“The way I see it,” Menshiki said, “there’s a point in everybody’s life where they need a major transformation. And when that times comes you have to grab it by the tail. Grab it hard, and never let go. There are some people who are able to, and others who can’t.”
Just put the last stitch in my most recent Stitchers' Escapes cruise sampler:
I did have to add a line to account for my longer than average name. And I used a little motif and the variegated floss from my Stitchers' Escapes European cruise sampler just because I could. *grins*.
Now to get back to the project I was working on before I left!
Everyone has that one person in their life. Or so he told himself
That one friend that they like, truly, whose friendship they value, and yet, that they still find themselves resenting or loathing even, often when they least expect it.
The one person that they try, often vigorously, even desperately, perhaps relentlessly not to hate, and yet, despite their best efforts, still do hate.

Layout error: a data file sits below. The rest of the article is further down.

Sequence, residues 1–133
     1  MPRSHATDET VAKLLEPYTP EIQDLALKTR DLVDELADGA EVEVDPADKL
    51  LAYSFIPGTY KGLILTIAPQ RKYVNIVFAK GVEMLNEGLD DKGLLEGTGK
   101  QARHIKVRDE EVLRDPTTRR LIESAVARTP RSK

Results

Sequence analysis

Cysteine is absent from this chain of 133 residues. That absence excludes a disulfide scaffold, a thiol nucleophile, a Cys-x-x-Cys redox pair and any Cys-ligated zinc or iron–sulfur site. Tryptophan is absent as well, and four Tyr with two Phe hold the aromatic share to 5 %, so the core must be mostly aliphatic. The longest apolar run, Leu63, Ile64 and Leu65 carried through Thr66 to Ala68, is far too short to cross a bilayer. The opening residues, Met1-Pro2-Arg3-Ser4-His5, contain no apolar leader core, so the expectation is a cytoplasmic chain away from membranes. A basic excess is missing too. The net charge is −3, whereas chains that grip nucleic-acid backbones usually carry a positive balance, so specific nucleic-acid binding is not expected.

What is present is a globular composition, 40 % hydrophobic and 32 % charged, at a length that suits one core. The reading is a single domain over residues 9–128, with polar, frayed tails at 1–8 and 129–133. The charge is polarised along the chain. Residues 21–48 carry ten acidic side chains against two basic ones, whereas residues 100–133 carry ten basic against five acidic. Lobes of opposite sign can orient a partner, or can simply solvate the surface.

It is an enmity that is not constant. It fades with distance and time, and can even disappear entirely upon occasion, replaced by nostalgia and sentimentality. It is a hostility that waxes and wanes, only brought forth by, say, extended and/or frequent proximity to the person in question.
You know what really drives me way more crazy than it should? People who store their cross stitch floss like this:
I can hear you saying, "But I thought you used plastic totes and bobbins yourself..." To which I answer, "Yes. But I have enough sense to store the bobbins upright so I can read the G-DAMNED FUCKING NUMBERS LIKE A G-DAMNED FUCKING SANE PERSON."